Rosetta’s Comet Looks Even Weirder When It’s Backlit By the Sun

Image: ESA/Rosetta/NAVCAM – CC BY-SA IGO 3.0

In its ongoing exploration of Comet 67P/Churyumov-Gerasimenko, the Rosetta spacecraft captured this stunning silhouette of the two-lobed mass from a distance of 200 miles. Wow.

The Philae comet lander may be dead, but its valiant mothership lives on. Rosetta recently ventured away from the comet to study its wider coma, tail, and plasma environment. At one point, when it was 200 miles (329 km) away, the spacecraft, comet, and sun aligned together at an angle of about 159 degrees. It was a perfect opportunity to take a picture.

Enhanced NAVCAM image of Comet 67P/C-G taken on 27 March 2016, 200 miles (329 km) from the comet nucleus. The scale is 28 m/pixel and the image measures 28.7 km across. Image: ESA/Rosetta/NAVCAM – CC BY-SA IGO 3.0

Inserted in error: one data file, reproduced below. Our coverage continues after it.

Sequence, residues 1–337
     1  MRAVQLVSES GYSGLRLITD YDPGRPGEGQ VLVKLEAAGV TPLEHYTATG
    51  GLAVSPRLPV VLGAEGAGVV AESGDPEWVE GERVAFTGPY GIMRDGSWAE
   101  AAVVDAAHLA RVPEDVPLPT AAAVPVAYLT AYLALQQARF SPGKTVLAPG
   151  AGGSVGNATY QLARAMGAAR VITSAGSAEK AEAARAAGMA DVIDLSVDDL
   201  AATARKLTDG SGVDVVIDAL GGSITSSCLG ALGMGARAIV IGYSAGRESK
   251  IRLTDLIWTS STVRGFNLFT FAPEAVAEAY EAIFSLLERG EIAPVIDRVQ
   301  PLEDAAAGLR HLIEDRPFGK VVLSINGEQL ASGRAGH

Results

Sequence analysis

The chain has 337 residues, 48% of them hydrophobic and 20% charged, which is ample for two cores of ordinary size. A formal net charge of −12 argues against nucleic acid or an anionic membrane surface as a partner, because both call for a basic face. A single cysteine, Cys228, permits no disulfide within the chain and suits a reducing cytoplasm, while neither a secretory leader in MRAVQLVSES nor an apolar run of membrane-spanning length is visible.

The top portion of the comet is brilliantly illuminated, but the dark patches reveal the comet’s freaky two-lobed shape. Scientists theorize that the comet got its shape in the wake of a gentle, low-velocity collision between two objects. Visual evidence shows that certain layers on the comet are oriented in different directions, which indicates that two objects fused to form a single, though oddly shaped, comet.

Just to put the size of this thing in perspective, here’s what it looks like relative to the city of Paris.

Image: Comet: ESA/Rosetta/Navcam; Map data ©2014 Google, Bluesky

In other Rosetta-related news, the European Space Agency just released 984 new NAVCAM images of the comet taken between December 16, 2015 to February 9, 2016. You can check them out here.

[Rosetta Blog]


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George Dvorsky

George is a senior staff reporter at Gizmodo.